Unconventional Fossil Fuels

We use the term unconventional fossil fuels in two senses. In the first instance, we’re referring to feedstocks or primary resources which are not being intensively exploited at present. These would include heavy oils, oil shale, coal bed methane, tight gas, deep gas, methane hydrates, and peat—all described elsewhere on this Website. The second definition applies to the use of a particular feedstock to produce fuels not normally associated with it. Examples would be gasoline and diesel fuel produced from coal or natural gas. Incidentally these separate meanings are not mutually exclusive. One can, for instance, produce gasoline, representing an unusual usage, from peat which is an unusual feedstock.

So what’s so special about unconventional fossil fuels, and why should investors monitor this emerging industry?

In toto, unconventional feedstocks contain several times the energy content of all remaining conventional fossil fuel resources. In the context of declining reserves of conventional fossil fuels, they provide industrial societies with a space of decades in which to effect an orderly transition to renewable resources. For this reason alone they will almost certainly be used on a massive scale in the years to come, and huge profits will accrue to those companies successful in capturing this market.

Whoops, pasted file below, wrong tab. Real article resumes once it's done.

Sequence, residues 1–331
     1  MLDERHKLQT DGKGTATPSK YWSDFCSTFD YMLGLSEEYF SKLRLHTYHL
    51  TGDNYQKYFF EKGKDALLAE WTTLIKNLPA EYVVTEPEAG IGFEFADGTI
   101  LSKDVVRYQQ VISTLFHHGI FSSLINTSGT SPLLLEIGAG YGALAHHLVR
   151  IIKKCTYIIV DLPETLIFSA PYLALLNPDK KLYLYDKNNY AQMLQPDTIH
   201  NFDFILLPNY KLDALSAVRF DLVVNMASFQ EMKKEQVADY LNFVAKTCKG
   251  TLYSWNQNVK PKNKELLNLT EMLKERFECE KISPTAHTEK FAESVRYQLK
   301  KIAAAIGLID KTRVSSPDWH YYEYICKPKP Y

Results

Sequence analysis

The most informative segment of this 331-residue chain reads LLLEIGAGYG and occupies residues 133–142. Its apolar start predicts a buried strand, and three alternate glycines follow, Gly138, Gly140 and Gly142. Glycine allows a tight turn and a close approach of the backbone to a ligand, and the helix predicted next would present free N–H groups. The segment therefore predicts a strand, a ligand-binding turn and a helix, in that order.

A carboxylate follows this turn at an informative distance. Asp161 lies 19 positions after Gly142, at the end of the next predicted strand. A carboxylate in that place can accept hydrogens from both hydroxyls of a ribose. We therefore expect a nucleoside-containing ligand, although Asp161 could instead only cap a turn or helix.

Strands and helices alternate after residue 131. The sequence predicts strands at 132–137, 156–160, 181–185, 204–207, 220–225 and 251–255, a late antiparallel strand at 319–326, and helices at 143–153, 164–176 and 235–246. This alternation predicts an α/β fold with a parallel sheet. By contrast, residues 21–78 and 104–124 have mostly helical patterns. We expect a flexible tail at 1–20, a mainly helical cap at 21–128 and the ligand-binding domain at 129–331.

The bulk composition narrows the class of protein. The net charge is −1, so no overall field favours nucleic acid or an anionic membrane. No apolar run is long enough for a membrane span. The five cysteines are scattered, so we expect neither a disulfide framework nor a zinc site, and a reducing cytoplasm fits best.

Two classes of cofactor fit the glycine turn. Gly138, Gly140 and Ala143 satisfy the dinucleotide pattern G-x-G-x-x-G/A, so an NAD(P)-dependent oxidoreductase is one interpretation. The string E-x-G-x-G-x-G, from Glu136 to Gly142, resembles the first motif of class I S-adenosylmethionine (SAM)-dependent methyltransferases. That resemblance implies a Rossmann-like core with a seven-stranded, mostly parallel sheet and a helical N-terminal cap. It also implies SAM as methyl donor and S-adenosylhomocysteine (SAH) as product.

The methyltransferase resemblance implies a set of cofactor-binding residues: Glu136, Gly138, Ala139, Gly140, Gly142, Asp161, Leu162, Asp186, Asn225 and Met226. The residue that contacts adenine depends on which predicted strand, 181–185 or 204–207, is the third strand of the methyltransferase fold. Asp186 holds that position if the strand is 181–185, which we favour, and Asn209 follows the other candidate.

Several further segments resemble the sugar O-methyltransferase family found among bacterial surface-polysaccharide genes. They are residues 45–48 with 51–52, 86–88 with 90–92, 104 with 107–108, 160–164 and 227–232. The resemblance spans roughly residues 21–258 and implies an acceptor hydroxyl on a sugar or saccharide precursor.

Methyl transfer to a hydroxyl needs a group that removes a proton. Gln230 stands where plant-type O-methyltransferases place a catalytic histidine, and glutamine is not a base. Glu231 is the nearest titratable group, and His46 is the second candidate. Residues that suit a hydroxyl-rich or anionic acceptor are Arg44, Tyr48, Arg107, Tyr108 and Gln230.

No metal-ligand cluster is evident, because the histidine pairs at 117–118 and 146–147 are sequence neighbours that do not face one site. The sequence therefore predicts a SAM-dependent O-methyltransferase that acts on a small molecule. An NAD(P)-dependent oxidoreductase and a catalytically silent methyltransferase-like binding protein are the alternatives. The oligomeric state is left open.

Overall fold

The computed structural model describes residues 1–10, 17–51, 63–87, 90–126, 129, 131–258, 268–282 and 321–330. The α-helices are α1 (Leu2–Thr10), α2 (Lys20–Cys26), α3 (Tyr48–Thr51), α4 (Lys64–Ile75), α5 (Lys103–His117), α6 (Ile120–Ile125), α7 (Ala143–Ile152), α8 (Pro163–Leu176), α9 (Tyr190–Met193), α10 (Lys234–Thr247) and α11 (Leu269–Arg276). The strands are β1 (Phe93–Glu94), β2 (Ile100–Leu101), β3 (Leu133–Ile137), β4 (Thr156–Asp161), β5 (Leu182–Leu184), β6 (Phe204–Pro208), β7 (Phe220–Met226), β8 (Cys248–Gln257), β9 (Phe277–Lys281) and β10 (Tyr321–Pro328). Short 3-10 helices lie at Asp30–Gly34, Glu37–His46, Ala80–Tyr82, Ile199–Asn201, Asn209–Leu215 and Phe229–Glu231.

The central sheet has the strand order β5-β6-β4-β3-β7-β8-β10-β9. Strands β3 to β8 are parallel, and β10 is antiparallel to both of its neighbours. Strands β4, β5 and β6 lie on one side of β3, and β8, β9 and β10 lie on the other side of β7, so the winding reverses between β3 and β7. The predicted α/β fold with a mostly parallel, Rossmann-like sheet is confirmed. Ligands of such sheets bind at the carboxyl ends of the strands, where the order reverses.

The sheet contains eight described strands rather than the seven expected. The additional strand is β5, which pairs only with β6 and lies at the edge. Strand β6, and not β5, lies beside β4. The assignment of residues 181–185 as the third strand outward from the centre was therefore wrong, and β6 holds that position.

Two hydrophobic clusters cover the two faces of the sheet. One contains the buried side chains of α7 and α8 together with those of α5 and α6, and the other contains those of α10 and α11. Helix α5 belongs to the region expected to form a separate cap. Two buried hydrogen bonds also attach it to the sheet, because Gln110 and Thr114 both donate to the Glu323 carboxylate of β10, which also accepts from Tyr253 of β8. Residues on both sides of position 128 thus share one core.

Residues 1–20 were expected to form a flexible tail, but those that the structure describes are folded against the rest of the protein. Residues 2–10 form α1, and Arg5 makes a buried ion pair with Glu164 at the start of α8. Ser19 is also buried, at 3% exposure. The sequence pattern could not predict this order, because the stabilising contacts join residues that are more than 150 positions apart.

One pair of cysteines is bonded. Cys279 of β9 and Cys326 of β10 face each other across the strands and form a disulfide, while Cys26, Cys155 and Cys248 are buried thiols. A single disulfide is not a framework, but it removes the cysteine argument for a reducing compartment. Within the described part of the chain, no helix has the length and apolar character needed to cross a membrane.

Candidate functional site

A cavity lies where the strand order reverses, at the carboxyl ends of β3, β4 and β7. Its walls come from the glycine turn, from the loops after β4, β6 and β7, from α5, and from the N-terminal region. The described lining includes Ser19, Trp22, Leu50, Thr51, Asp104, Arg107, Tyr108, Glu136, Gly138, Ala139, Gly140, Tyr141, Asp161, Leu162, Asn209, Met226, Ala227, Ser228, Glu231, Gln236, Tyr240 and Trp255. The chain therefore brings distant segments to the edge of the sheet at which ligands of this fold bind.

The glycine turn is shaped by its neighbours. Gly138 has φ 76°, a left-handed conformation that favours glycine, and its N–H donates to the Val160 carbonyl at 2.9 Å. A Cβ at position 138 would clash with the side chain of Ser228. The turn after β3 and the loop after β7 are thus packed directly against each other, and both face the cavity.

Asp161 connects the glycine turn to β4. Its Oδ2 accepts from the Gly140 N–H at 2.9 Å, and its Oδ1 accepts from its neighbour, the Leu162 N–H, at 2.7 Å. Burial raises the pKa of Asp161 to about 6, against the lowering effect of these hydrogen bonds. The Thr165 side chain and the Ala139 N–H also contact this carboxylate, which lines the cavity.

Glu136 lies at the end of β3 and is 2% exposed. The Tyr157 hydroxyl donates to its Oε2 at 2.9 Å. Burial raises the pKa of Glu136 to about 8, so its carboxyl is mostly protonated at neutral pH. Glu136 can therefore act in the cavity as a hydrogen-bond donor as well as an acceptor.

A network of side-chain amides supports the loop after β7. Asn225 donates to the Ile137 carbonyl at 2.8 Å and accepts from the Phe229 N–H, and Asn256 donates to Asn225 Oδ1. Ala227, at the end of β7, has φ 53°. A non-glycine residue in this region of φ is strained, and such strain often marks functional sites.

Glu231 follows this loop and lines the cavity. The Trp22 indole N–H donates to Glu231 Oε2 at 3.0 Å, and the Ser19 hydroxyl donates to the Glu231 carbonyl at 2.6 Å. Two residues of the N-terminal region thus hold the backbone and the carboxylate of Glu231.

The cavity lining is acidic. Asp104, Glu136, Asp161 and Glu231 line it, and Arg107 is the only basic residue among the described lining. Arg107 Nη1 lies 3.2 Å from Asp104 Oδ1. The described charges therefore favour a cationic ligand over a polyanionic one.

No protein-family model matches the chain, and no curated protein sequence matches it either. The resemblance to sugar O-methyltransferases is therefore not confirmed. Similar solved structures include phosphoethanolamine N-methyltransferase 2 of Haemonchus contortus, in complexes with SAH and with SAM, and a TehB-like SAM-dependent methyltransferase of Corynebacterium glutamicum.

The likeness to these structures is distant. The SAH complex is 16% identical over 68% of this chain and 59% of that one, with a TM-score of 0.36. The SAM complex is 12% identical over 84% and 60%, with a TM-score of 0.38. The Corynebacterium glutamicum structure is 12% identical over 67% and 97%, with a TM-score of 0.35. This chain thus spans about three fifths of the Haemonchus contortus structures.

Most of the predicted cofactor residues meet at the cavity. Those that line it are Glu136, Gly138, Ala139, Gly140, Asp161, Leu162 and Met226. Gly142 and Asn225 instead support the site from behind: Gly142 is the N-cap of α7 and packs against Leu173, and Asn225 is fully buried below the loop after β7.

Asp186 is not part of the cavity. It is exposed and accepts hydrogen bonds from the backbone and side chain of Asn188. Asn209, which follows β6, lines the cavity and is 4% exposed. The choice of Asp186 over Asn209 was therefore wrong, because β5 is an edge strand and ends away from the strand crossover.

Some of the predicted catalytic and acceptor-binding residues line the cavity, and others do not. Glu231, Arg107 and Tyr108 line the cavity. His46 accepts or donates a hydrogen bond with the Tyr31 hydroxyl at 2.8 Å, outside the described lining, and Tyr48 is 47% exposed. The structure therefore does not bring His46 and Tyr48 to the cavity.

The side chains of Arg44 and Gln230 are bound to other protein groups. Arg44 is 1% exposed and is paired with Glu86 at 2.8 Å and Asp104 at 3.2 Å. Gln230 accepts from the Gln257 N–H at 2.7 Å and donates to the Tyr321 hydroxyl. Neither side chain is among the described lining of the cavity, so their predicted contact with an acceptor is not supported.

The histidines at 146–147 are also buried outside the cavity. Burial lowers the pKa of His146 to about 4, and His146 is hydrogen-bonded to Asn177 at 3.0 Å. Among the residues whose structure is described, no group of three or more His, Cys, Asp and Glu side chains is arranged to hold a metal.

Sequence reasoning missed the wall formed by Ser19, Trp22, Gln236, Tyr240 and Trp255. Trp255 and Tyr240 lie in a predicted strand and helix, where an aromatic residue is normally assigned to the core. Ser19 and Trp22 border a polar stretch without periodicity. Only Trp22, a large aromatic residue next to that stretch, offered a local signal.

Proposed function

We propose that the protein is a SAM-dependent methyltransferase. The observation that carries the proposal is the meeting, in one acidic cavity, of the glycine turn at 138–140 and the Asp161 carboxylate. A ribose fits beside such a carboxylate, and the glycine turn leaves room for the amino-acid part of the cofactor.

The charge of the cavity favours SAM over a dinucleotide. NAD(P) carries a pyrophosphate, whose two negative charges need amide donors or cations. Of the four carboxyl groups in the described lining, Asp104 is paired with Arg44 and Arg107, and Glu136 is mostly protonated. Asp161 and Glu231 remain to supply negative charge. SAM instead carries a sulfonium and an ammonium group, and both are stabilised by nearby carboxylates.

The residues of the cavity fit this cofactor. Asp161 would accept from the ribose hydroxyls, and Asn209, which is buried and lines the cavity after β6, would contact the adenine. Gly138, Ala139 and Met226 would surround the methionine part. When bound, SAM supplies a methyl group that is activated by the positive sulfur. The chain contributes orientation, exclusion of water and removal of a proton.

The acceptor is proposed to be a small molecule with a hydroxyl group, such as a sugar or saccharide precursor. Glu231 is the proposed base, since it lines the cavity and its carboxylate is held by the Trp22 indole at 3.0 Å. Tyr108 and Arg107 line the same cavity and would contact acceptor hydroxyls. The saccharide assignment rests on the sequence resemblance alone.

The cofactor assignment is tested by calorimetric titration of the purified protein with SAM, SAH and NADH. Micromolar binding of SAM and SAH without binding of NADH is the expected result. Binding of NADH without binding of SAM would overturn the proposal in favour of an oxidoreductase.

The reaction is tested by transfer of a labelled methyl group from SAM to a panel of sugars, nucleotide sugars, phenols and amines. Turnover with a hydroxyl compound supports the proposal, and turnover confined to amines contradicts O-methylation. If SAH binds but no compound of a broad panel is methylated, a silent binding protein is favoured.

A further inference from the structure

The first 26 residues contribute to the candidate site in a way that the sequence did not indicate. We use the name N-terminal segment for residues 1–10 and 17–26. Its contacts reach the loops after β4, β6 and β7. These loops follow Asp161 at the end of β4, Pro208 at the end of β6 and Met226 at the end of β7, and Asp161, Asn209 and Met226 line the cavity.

The other kind of unconventional, that which applies to unusual transformations and processing technologies, is almost equally important. If, for example, much more abundant coal is substituted for petroleum as a feedstock for gasoline, then a critical shortage of motor fuel may be averted in the future.

So ultimately unconventional fossil fuels are all about energy security. Collectively they provide the means for managing uncertainty regarding conventional energy resources.

The Business Case for Odd Fossils

Ultimately, each feedstock and each production process has to be considered separately, but, very generally, prospects for unconventional fossil fuels appear uncommonly good. Simply put, they’re the most abundant remaining source of hydrocarbons, and several well established technologies exist today for producing familiar products, i.e. gasoline, kerosene, and diesel, from several of these feedstocks.

So why aren’t more companies exploiting these resources and these technologies right now?

Until quite recently unconventional fossil fuels in either sense were simply not cost competitive. (Relentlessly rising prices for petroleum and natural gas are changing that today though.) Furthermore, mature extraction techniques scarcely existed for several of the unconventional feedstocks, including coal bed methane, oil shale, and methane hydrates. Finally, none of these resources or the products derived from them can be considered “green” although it must be said that diesel and gasoline produced from coal and natural gas tend to be cleaner burning than petroleum based motor fuels.

Still, we’re very bullish on unconventional fossil fuels, and we believe that they will play a considerably larger role in providing heating and motive power than bio-based fuels, the other major segment of alternative fuels.